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Kimchi Mom


When you discover your latent love of Korean food (it’ll happen, if it hasn’t already), you’ll do like me and scour the web for recipes for jeon, ramyun, at least a starter kimchi kit.  But before you delve too quickly into first-time cabbage fermentation, you should e-mosey your way over to Kimchi Mom: Recipes and stories from a Korean-American kitchen.

That kitchen belongs to Amy Kim, a.k.a. Kimchi Mom. And her blog is where Korean tradition meets homemade meets some good old-fashioned fusion (Sloppy Jaes, anyone?). But even tweaked or playfully Americanized recipes carry generations of culinary DNA—and much of that comes courtesy of Kim’s mother, a Korean native who came to the states to help her daughter and son-in-law with their two young children, with an emphasis on cooking.

Image courtesy of Kimchi Mom

“From day one,” Kim recalls, her mother had a healthy, typically vegetarian meal on the table for the entire family—in under an hour. Our blogger was so inspired (and probably a tad motivated by her mom’s inevitable departure), she took it upon herself to keep those traditions going, and to document them, à la Julie & Julia.

But where Julie & Julia is resoundingly (and butterily) French, Kimchi Mom delves into the bright, bold mosaic flavors of Korean and Korean American cuisine. Recipes are organized by style. There’s straight “Korean,” with dishes like Bokum Bap (Korean-style fried rice, which Kim used to cure a spate of the culinary blahs) and the addictive summer-food-incarnate Bibim naeng myun. Then there’s “Korean Inspired,” with recipes for Kimchi Pizza, Spicy Seoulfull Pulled Pork Sandwiches, and the aforementioned Sloppy Jaes. Kim also organizes by Appetizers, Mains, and Side Dishes. Her entry on Banchan, or Korean side dishes, seems to suggest ban chan may just trick toddlers into eating, and loving, their veggies.

Not that it’s all warmth and family. There’s some swagger there, too, which makes it all the more fun. Of her Ddukboki, Kim says: “It’s comfort food. It’s street Food. It’s Damn Good.” It’s nice to meet an Internet mom who’s not afraid to call it like she sees it.  And Kim seems happy to share stories, those of family and personal situations that accompany real work in the kitchen.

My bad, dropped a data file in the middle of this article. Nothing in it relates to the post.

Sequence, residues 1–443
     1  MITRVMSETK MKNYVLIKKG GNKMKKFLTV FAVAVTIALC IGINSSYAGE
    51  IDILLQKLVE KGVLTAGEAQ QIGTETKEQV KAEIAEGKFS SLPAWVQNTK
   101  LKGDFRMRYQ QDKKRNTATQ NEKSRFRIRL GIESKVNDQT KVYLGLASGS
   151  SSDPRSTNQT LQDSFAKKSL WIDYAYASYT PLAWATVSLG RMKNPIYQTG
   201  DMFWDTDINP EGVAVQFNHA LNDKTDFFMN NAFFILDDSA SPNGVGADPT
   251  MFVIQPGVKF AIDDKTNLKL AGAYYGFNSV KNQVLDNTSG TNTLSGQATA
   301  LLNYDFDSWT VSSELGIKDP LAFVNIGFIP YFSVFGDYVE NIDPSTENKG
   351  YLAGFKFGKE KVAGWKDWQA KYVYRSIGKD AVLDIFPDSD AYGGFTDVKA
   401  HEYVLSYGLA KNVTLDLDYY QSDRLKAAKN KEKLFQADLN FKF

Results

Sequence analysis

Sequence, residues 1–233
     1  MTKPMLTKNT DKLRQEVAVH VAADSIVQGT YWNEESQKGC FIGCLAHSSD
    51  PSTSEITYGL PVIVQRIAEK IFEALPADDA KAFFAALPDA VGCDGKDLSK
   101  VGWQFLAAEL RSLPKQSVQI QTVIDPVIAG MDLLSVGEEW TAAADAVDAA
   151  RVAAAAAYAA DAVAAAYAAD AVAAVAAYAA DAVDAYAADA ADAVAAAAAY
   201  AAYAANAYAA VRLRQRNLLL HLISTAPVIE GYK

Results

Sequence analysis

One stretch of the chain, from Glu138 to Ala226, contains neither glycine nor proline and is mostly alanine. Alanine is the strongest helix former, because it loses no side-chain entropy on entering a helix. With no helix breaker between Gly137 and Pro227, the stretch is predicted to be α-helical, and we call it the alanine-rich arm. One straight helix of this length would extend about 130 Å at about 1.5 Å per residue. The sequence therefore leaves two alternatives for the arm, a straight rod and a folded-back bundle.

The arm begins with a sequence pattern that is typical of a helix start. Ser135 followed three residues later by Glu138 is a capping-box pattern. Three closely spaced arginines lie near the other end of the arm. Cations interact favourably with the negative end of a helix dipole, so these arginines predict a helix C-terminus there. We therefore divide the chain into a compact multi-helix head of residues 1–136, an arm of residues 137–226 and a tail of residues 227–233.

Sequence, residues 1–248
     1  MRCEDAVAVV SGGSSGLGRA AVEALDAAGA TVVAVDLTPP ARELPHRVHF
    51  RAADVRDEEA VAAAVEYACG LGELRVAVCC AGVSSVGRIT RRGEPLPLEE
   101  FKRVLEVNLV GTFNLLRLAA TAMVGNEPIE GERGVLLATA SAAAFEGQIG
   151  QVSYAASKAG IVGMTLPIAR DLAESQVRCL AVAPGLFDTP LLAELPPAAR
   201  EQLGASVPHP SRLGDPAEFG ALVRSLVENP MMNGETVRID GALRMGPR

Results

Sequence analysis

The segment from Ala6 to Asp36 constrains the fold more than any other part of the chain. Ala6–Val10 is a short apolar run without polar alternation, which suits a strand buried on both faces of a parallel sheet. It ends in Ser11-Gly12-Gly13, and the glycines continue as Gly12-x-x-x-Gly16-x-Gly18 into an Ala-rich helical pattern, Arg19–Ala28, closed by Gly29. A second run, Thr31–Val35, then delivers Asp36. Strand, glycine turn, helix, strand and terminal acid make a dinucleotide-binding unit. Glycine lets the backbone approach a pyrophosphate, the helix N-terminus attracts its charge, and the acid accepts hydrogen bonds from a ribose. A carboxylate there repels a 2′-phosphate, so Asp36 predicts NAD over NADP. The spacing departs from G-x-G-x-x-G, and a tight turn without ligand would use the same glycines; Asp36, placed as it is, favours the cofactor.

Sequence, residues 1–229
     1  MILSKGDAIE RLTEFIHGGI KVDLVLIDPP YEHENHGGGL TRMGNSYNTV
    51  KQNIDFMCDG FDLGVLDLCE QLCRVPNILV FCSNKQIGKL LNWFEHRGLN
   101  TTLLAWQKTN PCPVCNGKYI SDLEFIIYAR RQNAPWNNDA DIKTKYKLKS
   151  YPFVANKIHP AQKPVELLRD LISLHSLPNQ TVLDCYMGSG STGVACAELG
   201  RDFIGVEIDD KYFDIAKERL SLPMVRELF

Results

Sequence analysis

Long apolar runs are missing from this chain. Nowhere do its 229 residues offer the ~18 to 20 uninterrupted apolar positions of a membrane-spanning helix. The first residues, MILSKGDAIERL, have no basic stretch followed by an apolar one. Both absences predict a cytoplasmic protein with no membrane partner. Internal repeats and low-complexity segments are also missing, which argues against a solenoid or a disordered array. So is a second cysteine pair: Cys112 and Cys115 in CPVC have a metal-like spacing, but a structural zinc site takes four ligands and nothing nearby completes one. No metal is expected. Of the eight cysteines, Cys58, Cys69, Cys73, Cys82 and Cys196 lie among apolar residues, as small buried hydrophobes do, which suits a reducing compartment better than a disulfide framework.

In her recipe for homemade kochujang (that addictive Korean red pepper paste) Kim admits to talking to her little jar of fermenting red pepper—aka “Little Guy,” as she calls him—putting him out for the day on a sunny porch and bringing him in at night. A month and a half later, Kim ended up with something that surpassed anything store-bought. “The flavor is much more complex,” she said. “Homemade kochujang has a smoky heat, with a bit of tang, and a texture that is thick and pasty.” Yes, our mouths are watering.

If you find Korean ingredients at all intimidating, or inaccessible, you’re in good hands.  Kim explains everything—the fact that she has a lot of how-to video content helps—making those bold, fresh Korean flavors you’ve come to crave seem that much closer to home. If you don’t live near a Korean market, many specialty foods are available online, and Kim tends to link to ingredient sources whenever possible. No doubt her mom, Kimchi Grandma?, would be proud. 

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  • Snooth User: Amy Kim
    1214149 25

    Thanks for the feature...

    Feb 24, 2013 at 1:22 AM

  • Snooth User: Emily Bell
    1177900 519

    Glad to share your site, Ms. Kim!

    Feb 26, 2013 at 10:06 AM

  • Snooth User: MJYang
    1249315 9

    I love Kimchimom.com. As a Korean born American raising a family away from the extended family, it's my go-to site for recreating a bit of homeland for the kids and a bit of nostalgia for me!!

    Feb 28, 2013 at 11:52 PM

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